Sexual health is the integration of the somatic, emotional, intellectual, and social aspects of sexual being, in ways that are positively enriching and that enhance personality, communication, and love.
The document went on to cite Mace, Bannerman, and Burton (1974) who described sexual health as containing three basic elements: (a) capacity to enjoy and control sexual and reproductive behavior in accordance with a social and personal ethic; (b) freedom from fear, shame, guilt, false beliefs, and other psychological factors inhibiting sexual response and impairing sexual relationship; and (c) freedom from organic disorders, diseases, and deficiencies that interfere with sexual and reproductive function. In spite of difficulties at arriving at this definition, this definition has endured and has been used throughout this last quarter century.
Sexuality is an integral part of the personality of everyone: man, womanand child. It is a basic need and an aspect of being human that cannot beseparated from other aspects of human life. Sexuality is not synonymouswith sexual intercourse, it is not about whether we have orgasms or not, and it is not the sum total of our erotic lives These may be part of oursexuality, but equally they may not. Sexuality is so much more: it is in the energy that motivates us to find love, contact, feel warmth, and intimacy it is expressed in the way we feel, move, touch and are touched; it is about being sensual as well as sexual Sexuality influences thoughts, feelings, actions and interactions and thereby our mental and physical health.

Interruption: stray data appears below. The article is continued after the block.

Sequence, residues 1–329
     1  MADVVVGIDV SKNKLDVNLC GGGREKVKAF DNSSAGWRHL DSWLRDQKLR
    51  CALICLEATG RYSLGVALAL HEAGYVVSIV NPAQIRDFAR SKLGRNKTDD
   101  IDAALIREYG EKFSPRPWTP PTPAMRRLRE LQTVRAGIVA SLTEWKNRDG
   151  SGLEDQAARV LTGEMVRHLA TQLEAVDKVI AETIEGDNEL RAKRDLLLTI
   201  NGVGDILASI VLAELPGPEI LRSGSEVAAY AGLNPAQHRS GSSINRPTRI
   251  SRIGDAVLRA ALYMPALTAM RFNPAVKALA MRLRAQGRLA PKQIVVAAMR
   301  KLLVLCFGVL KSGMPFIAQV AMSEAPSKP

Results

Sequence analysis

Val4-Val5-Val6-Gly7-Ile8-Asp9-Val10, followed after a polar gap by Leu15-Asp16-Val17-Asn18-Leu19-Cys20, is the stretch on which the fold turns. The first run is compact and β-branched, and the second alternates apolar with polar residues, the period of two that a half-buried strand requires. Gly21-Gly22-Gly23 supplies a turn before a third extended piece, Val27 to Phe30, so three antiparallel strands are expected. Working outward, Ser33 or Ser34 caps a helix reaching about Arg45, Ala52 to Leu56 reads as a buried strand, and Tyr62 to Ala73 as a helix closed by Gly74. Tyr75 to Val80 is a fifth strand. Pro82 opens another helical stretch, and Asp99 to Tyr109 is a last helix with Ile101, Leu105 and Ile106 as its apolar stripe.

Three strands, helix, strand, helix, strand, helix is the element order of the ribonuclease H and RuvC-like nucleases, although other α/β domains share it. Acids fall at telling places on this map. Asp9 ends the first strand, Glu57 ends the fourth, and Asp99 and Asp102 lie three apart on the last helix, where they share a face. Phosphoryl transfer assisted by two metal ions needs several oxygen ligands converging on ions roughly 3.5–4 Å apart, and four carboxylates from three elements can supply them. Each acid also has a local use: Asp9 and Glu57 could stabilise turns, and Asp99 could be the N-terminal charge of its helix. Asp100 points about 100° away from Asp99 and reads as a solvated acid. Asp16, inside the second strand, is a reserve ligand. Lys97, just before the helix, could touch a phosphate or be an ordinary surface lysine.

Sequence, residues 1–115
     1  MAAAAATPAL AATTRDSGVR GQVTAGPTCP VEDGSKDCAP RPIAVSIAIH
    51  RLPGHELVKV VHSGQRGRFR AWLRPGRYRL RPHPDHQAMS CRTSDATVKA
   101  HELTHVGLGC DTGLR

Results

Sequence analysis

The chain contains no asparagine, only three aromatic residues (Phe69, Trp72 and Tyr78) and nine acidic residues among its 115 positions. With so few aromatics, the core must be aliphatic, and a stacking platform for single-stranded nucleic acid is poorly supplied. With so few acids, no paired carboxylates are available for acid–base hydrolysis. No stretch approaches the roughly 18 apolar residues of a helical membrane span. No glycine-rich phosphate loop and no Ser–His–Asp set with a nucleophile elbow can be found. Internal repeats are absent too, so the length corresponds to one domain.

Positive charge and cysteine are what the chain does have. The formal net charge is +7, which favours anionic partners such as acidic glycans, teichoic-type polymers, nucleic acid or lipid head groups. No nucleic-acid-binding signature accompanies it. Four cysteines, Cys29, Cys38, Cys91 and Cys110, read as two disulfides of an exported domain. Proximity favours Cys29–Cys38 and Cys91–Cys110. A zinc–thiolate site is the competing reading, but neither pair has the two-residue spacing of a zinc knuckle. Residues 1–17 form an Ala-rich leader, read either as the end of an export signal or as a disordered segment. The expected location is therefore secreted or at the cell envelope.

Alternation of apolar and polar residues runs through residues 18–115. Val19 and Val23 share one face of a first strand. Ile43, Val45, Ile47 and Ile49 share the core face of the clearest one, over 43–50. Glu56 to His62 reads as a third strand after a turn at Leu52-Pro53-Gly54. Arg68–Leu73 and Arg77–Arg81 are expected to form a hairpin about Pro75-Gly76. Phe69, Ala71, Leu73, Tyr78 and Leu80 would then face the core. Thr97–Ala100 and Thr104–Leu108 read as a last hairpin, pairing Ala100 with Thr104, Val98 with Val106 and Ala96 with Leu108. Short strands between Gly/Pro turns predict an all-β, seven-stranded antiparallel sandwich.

Teenage sexual activity has significant consequences: sexually transmitted diseases (STDs), pregnancy, social and economic disruption, and legal implications. Of the 15 million new cases of STDs that occur each year in the United States, 10 million occur in people aged 15 to 24. (1) Each year, over 400,000 infants are born to teenagers; more than 146,000 are born to those 17 years of age or younger. (2) In 2000, 18% of reported abortions in the United States were performed on teenagers.
The majority of studies on sex and aging confirm that most individuals in later life retain sexual interest and ability. Results of earlier studies indicate that many men and women remain sexually active well into their 70s.
Although sexual activity is potentially life-long, often medications, illnesses, partner availability, and relationship problems, more than age-related changes in sexual responsiveness, can be responsible for discontinuation of sexual activity. Clinicians can help older patients adapt to these changes and maintain maximal sexual health. With intact health, aging patients' sexual functioning can be preserved until the end of life.
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